Mysterious Scone of Destiny to appear at Big Lit Festival

Doin' the dance
Doin' the dance

Preparations are underway to welcome the Women’s Guild of Master Bakers to the Big Lit Book Festival where they will perform a ritual dance to honour the mystical Scone of Destiny.

The ladies, resplendent in traditional costumes representing butter, flour, sugar or sultanas, will carry the giant scone through the streets of Gatehouse of Fleet and tell tales of its origins back in 1739.

The free outdoor performance is brought to Gatehouse of Fleet by the wonderful Mischief La Bas who pride themselves on “gently warping the underlay of the fabric of society”.

With her tongue planted firmly in her cheek, Mischief La Bas director Angie Dight said: “In the light of the recent cupcake fad, I’m so delighted the ladies will be there to champion traditional Scottish baking. The Scone of Destiny is a symbol of hope in a time of uncertainty.”

It takes place on Saturday April 18, 12.15pm-1.15pm in the main car park as part of the four-day festival which runs from April 16-19 and includes everything from book and poetry readings to workshops, music, performance and installation art.

Chrys Salt MBE, Big Lit festival organiser and Artistic Director of the Bakehouse, said: “We are preparing a fabulous family-friendly weekend in one of the prettiest towns in Dumfries and Galloway. It will be a great place to come and have fun with some really unusual events.

“The Scone of Destiny is joyfully bizarre and I’m sure visitors will love to watch the ladies of the guild dressed up in colourful costumes and parading with a huge Scone on their shoulders.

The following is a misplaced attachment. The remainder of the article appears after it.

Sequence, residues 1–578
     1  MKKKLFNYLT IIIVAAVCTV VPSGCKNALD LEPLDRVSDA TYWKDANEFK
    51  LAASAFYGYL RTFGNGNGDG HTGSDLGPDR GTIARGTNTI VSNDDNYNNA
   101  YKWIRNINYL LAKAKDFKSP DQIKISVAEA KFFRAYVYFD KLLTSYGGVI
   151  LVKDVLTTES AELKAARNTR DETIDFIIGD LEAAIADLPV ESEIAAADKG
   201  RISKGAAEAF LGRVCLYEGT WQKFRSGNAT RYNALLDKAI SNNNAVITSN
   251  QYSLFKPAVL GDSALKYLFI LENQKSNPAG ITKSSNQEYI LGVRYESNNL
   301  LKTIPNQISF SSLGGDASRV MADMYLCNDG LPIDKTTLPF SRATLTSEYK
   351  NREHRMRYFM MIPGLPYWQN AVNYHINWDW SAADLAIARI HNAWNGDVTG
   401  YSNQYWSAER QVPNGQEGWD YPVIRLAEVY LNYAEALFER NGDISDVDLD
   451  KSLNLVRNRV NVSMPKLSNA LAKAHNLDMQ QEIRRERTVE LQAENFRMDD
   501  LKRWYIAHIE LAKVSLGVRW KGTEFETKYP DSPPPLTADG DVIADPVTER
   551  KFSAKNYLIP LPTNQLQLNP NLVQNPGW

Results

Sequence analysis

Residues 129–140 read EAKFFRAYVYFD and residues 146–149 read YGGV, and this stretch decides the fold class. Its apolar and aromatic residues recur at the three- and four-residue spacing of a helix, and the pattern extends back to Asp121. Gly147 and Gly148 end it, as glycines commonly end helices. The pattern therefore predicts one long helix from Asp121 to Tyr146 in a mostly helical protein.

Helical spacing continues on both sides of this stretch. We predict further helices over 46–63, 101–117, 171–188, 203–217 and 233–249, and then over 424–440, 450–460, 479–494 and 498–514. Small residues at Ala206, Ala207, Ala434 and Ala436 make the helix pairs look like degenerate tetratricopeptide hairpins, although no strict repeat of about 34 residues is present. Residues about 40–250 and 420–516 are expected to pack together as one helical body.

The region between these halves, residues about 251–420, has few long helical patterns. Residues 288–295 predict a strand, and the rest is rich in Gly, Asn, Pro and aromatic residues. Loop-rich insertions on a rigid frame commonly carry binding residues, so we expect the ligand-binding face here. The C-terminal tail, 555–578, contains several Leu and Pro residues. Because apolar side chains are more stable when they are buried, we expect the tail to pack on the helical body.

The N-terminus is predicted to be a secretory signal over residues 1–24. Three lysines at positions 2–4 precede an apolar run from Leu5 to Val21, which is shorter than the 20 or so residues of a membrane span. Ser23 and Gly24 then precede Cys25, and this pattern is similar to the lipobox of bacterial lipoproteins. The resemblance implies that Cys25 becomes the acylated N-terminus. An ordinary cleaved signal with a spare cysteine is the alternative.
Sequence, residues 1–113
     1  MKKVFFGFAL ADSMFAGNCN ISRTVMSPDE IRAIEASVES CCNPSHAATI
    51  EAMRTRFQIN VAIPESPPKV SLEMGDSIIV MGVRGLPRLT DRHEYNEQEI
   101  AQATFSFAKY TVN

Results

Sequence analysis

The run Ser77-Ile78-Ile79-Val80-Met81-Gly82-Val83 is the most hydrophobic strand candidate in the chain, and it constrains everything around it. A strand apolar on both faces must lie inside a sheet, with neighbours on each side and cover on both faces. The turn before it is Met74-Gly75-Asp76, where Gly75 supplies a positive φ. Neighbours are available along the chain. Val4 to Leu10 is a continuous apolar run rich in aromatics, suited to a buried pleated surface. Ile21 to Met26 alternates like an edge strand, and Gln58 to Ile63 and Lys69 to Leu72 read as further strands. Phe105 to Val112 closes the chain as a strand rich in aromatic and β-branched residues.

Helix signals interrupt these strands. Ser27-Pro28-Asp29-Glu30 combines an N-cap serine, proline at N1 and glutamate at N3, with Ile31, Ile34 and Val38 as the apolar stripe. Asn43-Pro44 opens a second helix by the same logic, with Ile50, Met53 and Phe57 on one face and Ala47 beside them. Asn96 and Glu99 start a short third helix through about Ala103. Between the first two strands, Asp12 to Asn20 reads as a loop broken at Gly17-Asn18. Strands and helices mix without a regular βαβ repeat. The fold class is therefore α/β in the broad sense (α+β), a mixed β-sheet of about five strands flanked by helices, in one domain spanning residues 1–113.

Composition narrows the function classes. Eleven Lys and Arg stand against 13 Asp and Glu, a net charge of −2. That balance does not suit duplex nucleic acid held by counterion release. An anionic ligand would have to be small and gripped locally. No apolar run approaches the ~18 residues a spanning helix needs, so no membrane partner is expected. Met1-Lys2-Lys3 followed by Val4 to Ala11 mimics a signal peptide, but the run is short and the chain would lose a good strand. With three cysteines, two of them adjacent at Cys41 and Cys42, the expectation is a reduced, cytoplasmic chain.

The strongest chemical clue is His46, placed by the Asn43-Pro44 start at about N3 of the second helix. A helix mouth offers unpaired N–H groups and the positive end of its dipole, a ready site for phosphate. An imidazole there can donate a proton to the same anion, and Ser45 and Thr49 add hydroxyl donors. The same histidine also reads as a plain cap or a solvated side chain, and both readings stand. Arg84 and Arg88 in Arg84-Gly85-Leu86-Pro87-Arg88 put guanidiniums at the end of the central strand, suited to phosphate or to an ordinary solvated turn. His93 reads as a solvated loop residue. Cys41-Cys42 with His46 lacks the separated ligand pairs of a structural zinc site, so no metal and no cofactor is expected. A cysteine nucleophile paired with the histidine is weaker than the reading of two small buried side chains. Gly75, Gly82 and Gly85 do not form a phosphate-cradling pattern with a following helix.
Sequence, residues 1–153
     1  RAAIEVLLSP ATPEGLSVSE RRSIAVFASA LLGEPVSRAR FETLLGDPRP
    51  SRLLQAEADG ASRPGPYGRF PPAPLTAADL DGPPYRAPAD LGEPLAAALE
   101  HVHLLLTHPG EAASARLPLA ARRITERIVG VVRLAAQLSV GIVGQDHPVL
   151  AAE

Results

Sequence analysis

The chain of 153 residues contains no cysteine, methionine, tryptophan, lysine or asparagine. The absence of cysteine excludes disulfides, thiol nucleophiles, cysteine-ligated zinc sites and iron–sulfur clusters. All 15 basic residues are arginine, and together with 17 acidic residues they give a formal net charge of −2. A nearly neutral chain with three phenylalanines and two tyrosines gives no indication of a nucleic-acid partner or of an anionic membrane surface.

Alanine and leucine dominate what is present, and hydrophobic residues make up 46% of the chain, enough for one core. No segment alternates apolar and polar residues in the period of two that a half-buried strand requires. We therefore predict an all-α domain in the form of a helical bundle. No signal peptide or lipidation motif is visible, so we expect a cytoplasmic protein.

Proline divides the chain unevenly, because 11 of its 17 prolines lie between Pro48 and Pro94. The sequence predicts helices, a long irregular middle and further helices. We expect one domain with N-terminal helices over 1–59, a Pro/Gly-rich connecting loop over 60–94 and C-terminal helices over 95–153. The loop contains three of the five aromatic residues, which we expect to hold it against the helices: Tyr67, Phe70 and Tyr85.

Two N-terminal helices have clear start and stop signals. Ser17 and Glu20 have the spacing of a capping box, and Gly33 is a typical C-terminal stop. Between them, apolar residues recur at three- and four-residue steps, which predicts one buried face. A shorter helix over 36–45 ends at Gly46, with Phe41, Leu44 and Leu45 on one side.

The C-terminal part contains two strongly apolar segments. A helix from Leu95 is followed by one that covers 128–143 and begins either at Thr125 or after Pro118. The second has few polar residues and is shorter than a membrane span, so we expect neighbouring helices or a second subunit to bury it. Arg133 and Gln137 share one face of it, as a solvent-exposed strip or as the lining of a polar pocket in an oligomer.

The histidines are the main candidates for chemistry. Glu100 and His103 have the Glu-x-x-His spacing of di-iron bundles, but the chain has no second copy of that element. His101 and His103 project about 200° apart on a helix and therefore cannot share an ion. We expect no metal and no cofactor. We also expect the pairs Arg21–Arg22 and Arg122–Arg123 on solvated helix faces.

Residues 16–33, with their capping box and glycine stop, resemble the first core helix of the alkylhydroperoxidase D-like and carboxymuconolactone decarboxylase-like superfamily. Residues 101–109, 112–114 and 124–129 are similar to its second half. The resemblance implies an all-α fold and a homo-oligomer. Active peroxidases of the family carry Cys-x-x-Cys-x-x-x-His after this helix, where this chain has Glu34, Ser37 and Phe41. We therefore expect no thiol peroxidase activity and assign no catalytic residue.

“We will also be holding another costumed event which will give children the chance to meet some of their favourite fictional characters as part of our Wee Folks Woodland Adventure.”

This takes place on Friday, 17 April in the delightful Cally Woods and is sponsored by the Hollywood Trust and Gatehouse YMCA drop-in centre. Also that day there is Memoir in a Jar, an activity for all ages, which is all about people telling their own life stories.

The following day sees the Daydream Believers picture book creation workshop for children aged three to 12 led by storyteller Susi Woodmass and illustrator Ruthie Redden.

Chrys added: “We really want to inspire children to love books and stories. Big Lit aims to fire young imaginations and pass on the love of reading – which can be one of life’s greatest sources of fulfilment and happiness.

“We also believe that literature, poetry and performance are there to be shared. They are things which cross the generations and that children, parents and grandparents can all enjoy together.”

During Big Lit there will also be the chance to meet Terry Darlington, whose Narrow Dog books enchanted the world – selling more than 250,000 copies.

And audiences can enjoy the lyrical delights of Rally and Broad’s marvellous spoken word cabaret with its melange of music, spraffing, spikiness and other assorted nonsense.

Other attractions include:

Ladies who Launch – Elspeth Brown and Vivien Jones launch new poetry collections

Candlelit readings in The Temple, a Georgian folly deep in the forest with Liz Niven

A typically crazy Bill Barlow interactive art installation in The Bakehouse Studio

And you can rub shoulders with everyone from Leonard Cohen to Ivor Cutler in the Murray Arms with one of Galloway’s longest-standing pub sessions.

And as if that wasn’t enough there will also be a Big Lit Mill Session with Gerda Stevenson (nominated Scots Singer of the Year, MG Alba Scots Trad Music Awards, 2014) with her new album Night Touches Day. She will be accompanied by Norwegian musician Kyrre Slind, on lute, sitar, guitar and mandolin.

Plus the poems of Hugh MacDairmid will be set to music and sung by popular composer/singer/songwriter Nicola Black.

Lots of the events are free while many others are as cheap as chips. See http://www.biglit.org/ for further details and ticket information.